The middle of winter might seem like a horrible time for me to encourage you to try bicycling for the first time – or to return to it if you used to ride long ago. I’m not nuts: there are a lot of great reasons to ride when the weather outside is frightful.
- It’s always a great time to get in better physical shape. Most people slumber through winter and lose whatever benefits they’ve gained from exercising when it’s warm. I’ve struggled with this myself during middle age. My fitness reaches a peak by fall and then falls apart when winter arrives. Not anymore. If there’s no snow or ice on the ground and the Sligo Creek Trail is dry, I still get out and huff and puff at least once a week and sometimes even three or four like I do the rest of the year.
- Winter riding makes your brain stronger. Anyone can ride when it’s 75 degrees outside. It takes intestinal fortitude to pedal through the 20s and 30s. I can’t say that I’m always having the most fun I’ve ever had in the world when freezing cold air is clenching my lungs but I take sort of a perverse pleasure in defeating the elements. I find that the self- discipline of winter riding carries over into the rest of my life. I am way more productive at this time of year than I am during the other eight months: I am better at my job. I spend more time on other hobbies. I sleep better.
- Getting fit in winter gives you a huge head start on spring. It’s tough to get rolling again after a long layoff. I don’t know about you but if I go for a while without doing something, even something I like, I find it incredibly challenging to pick it back up again. If you can keep even a minimal level of quality biking or other exercise going through winter, you’ll charge into spring like a bull. You may even find that you’re able to achieve personal-best levels of fitness before the year is over because you put the shortest days to best use.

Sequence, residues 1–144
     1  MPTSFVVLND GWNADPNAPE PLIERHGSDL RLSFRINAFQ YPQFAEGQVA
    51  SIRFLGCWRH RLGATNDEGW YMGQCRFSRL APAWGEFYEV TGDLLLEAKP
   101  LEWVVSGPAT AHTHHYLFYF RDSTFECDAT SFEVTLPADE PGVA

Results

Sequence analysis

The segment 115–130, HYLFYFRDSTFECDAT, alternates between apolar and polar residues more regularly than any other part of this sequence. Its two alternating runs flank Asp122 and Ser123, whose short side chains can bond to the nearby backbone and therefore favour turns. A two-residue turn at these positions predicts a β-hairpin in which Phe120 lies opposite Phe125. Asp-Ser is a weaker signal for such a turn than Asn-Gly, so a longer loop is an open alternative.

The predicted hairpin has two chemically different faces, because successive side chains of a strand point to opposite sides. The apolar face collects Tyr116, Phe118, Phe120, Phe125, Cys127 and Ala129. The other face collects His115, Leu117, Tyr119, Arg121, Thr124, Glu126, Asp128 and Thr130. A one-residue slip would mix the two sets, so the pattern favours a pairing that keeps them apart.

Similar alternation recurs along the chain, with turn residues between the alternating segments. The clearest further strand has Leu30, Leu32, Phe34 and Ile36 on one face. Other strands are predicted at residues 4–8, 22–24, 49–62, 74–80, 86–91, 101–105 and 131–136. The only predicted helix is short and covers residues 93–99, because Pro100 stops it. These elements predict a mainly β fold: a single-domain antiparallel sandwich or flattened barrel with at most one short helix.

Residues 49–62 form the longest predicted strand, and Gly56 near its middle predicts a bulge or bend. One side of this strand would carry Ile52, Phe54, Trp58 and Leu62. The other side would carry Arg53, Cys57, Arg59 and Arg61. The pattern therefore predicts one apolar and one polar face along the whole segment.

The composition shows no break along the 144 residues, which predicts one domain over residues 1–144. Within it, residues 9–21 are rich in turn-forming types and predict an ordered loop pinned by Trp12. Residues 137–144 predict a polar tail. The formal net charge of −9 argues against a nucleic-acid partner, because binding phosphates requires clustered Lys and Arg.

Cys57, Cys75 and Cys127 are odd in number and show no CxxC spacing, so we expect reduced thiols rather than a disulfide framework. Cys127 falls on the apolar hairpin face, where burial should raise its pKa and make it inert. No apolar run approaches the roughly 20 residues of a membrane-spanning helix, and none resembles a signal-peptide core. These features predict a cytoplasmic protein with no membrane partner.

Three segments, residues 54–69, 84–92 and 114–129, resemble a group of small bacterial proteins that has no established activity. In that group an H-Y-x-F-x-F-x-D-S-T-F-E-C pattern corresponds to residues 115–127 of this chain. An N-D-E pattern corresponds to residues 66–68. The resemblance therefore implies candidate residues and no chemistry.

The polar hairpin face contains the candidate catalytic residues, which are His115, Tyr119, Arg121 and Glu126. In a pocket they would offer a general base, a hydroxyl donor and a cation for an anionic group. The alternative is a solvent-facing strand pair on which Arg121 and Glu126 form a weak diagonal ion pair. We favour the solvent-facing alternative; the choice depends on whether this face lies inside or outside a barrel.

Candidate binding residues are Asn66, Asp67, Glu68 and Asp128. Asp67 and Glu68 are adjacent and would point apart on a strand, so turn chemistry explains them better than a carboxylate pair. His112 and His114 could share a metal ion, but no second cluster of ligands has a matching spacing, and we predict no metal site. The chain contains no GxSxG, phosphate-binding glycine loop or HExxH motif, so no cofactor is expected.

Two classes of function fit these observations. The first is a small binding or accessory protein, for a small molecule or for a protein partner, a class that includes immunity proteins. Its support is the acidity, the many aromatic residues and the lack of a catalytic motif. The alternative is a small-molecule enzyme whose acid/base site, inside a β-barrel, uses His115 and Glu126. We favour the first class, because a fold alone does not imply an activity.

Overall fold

- “Off-season” riding gives you chances to soak in new sights. If you don’t venture out of your house, you don’t know how much more scenic beauty you can soak in at this time of year. You’ll catch better views of great blue herons, kingfishers and other creatures at the Sligo Creek retention ponds because the field is barren.
Winter riding does present its challenges, of course. Use common sense to determine if it’s safe to pedal. Keep your eyes wide open for black ice at all times as even a spot of frozen precipitation can knock you off your bike. I use extreme caution while crossing all the pedestrian bridges along the Sligo Creek, Northwest and Northeast Branch trails. I also wear many layers of clothing including high-quality gloves and often an inner liner to cover my face. I shed the extra layers as needed, stuffing them in my travel bags. Better to start out with too much clothing than not enough. And don’t even think about riding without a helmet.
If you’re new to biking, get your bike tuned up at your nearest bike shop before you set out. I also suggest you start by riding with friends who know their way around the trails. And don’t try for Tour de France distances. Ride for 20 minutes your first time out and build up from there.
Roll through winter and you and your body will be rocking by spring!
Check out 9 more great tips for beginning bicyclers.